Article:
A Prayer for Peace


Published: Jan. 6, 2021

Like so many of you, I have spent the afternoon watching in horror the footage from our nation’s capital. As a people who proclaim the Prince of Peace, we condemn these acts of violence. This is not Christian. This is not patriotic. This is not normal.
On this day of Epiphany, the twelfth day of Christmas, we look again for the arrival of the light that shines in the darkness. Only we won’t find it in the manger any longer. Now, we must look in our mirrors. We are the body of Christ now.
Every Christmas, I close each service with a prayer from Howard Thurman called The Work of Christmas. It speaks about what Christmas asks of us as believers. More than ever before, two lines stand out:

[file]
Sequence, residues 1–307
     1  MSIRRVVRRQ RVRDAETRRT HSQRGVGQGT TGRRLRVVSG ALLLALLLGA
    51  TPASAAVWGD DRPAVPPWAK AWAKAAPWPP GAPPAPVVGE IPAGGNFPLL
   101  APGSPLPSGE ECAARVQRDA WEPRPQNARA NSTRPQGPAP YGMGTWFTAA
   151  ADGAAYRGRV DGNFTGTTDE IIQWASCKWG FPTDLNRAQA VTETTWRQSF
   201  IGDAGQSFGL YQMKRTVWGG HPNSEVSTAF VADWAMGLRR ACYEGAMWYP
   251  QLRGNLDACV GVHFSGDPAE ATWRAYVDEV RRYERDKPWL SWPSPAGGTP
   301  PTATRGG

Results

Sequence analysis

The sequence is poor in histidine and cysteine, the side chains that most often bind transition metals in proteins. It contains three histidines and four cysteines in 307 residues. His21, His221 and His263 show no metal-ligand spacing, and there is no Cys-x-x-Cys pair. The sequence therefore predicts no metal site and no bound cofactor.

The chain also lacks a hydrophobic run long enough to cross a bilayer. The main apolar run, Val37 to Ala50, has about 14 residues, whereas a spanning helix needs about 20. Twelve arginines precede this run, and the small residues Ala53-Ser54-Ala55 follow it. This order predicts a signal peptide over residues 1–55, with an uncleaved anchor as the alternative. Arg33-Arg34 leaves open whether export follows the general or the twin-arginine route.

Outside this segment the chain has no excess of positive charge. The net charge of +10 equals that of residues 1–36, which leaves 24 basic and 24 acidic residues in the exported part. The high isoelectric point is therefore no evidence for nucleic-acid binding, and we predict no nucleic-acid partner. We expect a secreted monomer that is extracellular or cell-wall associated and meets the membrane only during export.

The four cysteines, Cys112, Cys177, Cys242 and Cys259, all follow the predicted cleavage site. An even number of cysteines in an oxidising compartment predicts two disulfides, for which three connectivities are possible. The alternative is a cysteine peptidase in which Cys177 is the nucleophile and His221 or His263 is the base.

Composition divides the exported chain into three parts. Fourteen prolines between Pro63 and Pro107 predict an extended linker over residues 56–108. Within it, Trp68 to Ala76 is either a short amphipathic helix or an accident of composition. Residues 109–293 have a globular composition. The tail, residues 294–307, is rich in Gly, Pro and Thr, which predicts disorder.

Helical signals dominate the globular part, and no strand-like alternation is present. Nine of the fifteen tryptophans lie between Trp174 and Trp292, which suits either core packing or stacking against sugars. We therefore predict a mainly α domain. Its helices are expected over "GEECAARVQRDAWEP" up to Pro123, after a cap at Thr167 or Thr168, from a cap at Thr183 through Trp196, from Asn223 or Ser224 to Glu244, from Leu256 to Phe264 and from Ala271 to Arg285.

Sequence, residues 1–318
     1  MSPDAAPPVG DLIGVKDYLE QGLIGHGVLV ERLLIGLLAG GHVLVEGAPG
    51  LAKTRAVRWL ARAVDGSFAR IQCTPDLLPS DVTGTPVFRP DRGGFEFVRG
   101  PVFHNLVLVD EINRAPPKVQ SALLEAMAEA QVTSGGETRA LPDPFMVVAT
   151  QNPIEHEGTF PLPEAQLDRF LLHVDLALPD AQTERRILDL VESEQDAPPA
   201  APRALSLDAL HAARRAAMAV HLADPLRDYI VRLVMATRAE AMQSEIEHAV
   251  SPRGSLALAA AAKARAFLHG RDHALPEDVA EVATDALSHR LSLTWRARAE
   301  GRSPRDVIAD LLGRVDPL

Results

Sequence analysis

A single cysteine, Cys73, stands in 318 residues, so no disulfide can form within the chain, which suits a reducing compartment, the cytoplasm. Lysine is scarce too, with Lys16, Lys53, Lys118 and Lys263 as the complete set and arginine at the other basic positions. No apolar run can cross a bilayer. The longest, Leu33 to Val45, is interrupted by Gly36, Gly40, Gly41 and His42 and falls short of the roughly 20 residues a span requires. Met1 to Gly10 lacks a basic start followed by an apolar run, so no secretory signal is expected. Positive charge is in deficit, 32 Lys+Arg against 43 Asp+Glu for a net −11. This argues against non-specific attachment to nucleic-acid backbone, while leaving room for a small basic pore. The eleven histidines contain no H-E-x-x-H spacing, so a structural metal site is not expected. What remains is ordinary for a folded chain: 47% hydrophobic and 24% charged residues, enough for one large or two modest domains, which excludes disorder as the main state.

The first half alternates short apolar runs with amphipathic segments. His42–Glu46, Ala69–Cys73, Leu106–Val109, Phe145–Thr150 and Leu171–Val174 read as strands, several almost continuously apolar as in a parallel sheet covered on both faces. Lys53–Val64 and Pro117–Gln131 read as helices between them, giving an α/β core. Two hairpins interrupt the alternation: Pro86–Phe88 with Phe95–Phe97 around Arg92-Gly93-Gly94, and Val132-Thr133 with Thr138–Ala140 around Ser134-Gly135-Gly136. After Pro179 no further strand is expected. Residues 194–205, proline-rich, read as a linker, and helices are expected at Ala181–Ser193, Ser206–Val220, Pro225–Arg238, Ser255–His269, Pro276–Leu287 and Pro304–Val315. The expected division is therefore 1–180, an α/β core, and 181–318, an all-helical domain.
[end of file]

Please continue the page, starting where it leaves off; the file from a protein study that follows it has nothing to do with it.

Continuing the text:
to rebuild the nations, 
to bring peace among neighbors.

Wherever you are, whenever you read this, I ask that you pause and pray. If you don’t have words, try asking God for peace. If that doesn’t work, the full text of The Work of Christmas is below:
When the song of the angels is stilled,
when the star in the sky is gone,
when the kings and princes are home,
when the shepherds are back with their flocks,
the work of Christmas begins:
to find the lost,
to heal the broken,
to feed the hungry,
to release the prisoner,
to rebuild the nations,
to bring peace among neighbors*,
to make music in the heart.

May it be so.

Grace and Peace,
*the original poem said “brothers”